Wardlaw's biased review of the 9-5 Wagon was a worthless exercise and out of line with Edmund's usual quality and integrity. Compare Wardlaw's ignorant statement about value to this link.. Who pays MSRP for a SAAB? For an Audi, yes, MSRP or close to it is the norm. Wardlaw just confirms he is a clown masquerading as a journalist.
    Ask yourself why if Wardlaw hates SAABS (as evidenced by his complaint over key placement) he is allowed to review one for Edmunds?
  • rfellmanrfellman Posts: 109

    How can Edmunds allow an avowed anti-SAABite to review a SAAB. Where is the journalistic intergity. Reviews should not be just an opinion piece by a someone with an axe to grind.
  • rickroverrickrover Posts: 602
    I have to admit I agree with Wardlaw, I ended up with a Audi A6 Quattro Avant over the Saab. Paid $600 over invoice thanks to Edmunds. I agree that he did make too much of it breaking down though, I doubt that is common. The Saab is lacking in storage, no all wheel drive, the seats do smell funny, and my Audi is a more handsome car inside and out. If I wanted just a front wheel drive wagon I'd have gotten a Passat Wagon over the Saab. I also have a Passat sedan that's fantastic. Is that a Saab remote in your pocket or are you just glad to see me? LOL It's nice to see people buying wagons of any brand over SUV's, glad that trend seems to be changing. Enjoy your Saabs and lighten up a little.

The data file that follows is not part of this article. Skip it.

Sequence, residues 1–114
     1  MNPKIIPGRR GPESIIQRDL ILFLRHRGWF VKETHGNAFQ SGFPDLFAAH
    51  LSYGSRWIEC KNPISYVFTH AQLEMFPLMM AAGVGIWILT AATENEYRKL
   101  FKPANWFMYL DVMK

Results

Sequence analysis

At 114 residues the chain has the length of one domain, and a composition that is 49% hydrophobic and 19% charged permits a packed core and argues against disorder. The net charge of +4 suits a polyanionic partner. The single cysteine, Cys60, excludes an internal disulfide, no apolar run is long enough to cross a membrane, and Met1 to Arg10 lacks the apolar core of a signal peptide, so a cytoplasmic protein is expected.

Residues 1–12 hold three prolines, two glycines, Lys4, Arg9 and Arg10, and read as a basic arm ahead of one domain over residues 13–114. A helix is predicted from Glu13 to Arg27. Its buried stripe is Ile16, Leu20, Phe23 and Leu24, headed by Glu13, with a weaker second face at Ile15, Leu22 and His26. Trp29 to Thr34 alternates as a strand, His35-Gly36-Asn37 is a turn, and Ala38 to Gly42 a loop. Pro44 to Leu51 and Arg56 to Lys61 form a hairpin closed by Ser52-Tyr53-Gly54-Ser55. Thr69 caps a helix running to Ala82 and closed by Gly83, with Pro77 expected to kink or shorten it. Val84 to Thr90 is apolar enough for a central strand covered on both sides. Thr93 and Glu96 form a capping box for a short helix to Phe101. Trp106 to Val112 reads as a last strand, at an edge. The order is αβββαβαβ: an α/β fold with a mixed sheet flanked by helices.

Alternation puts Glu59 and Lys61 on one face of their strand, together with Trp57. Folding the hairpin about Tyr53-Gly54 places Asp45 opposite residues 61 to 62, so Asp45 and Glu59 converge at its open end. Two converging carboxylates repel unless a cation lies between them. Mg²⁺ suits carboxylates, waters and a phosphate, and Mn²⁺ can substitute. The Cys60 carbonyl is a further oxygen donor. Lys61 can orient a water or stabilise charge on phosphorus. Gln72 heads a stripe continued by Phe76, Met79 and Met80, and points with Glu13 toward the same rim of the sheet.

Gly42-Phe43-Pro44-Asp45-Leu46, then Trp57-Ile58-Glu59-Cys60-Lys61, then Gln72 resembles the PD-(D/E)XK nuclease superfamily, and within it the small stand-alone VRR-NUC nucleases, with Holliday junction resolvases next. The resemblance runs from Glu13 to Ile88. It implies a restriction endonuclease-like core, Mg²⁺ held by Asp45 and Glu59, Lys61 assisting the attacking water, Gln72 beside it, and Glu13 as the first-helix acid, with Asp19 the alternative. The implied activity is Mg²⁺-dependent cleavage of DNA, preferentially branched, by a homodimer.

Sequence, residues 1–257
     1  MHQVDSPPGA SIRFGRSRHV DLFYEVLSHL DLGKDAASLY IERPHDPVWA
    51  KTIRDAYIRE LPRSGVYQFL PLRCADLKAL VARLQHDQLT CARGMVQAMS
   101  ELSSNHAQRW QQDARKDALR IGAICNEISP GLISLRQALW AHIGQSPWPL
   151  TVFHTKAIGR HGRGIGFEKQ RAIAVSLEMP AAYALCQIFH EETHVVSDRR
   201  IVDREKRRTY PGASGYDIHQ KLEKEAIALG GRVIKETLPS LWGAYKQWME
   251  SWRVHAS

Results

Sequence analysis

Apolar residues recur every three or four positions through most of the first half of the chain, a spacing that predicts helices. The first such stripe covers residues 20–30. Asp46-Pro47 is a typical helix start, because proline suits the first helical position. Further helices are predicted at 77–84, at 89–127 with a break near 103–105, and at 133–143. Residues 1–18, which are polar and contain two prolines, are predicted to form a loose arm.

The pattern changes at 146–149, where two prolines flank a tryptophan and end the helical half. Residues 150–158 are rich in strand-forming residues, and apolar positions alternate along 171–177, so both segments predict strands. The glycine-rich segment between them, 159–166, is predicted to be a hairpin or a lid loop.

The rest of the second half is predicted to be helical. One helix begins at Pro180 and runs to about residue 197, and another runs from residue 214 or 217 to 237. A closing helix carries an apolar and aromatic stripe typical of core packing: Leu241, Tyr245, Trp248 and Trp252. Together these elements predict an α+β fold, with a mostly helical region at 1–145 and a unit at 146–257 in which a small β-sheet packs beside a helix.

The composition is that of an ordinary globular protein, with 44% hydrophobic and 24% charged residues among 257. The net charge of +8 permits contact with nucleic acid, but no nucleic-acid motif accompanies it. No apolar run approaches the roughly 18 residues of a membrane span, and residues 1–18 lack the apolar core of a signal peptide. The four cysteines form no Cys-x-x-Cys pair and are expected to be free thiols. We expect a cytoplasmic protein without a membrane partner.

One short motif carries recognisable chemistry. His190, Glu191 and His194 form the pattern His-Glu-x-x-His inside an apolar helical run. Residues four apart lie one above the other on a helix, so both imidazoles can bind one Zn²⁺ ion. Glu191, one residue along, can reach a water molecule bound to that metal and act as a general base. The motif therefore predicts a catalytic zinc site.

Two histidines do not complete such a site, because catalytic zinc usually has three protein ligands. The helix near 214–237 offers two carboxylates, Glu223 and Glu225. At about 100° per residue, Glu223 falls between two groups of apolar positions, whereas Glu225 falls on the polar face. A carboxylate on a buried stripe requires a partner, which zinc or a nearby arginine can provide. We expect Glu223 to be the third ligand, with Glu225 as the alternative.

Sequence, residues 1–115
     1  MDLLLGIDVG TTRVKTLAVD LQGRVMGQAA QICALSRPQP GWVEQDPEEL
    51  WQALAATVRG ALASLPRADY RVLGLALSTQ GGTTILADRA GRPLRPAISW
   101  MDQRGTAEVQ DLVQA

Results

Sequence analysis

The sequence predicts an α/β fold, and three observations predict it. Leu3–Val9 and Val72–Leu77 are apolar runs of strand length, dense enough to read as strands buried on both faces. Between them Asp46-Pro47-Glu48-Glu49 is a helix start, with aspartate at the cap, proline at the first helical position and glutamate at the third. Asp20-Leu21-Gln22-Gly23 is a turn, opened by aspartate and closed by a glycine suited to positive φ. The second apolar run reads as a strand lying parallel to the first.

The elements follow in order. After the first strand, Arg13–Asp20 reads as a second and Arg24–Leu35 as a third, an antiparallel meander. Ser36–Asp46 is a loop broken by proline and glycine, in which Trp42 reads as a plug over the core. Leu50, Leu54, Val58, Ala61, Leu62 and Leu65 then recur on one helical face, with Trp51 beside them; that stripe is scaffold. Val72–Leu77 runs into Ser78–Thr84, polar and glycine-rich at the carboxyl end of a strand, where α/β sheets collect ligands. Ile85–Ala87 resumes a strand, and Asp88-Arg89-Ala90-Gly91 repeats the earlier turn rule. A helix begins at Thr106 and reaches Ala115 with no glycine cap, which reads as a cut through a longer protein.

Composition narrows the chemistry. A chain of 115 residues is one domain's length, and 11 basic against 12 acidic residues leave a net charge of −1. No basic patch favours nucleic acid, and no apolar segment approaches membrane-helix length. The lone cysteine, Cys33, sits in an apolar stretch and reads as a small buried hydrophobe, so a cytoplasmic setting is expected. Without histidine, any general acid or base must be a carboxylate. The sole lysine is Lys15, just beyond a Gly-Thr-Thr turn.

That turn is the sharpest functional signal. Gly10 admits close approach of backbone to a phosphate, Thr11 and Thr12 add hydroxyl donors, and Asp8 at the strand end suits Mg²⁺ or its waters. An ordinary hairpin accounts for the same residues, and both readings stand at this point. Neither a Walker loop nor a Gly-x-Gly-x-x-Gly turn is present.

• jonw2jonw2 Posts: 49
    It was a disappointment to read a report such as Wardlaw's. However, I put it in context with Consumer Report's long fixation (to the exclusion of other virtues) on Saab's unforgiveable impudence in placing the ignition key on the floor/console. How dare Saab flout accepted engineering design? After all, didn't Thomas Edison tell the eccentric Nikola Tesla that, "Fooling around with alternating current is just a waste of time?"

    Seriously, had Car or Driver, or one of my favorite car critics, Warren Brown, of the Washington Post panned the car, I would have much more concerned. Saabs are far from perfect, but for those of us who like something different than the generic people movers proffered by the big three and the Japanese, Saab will do nicely.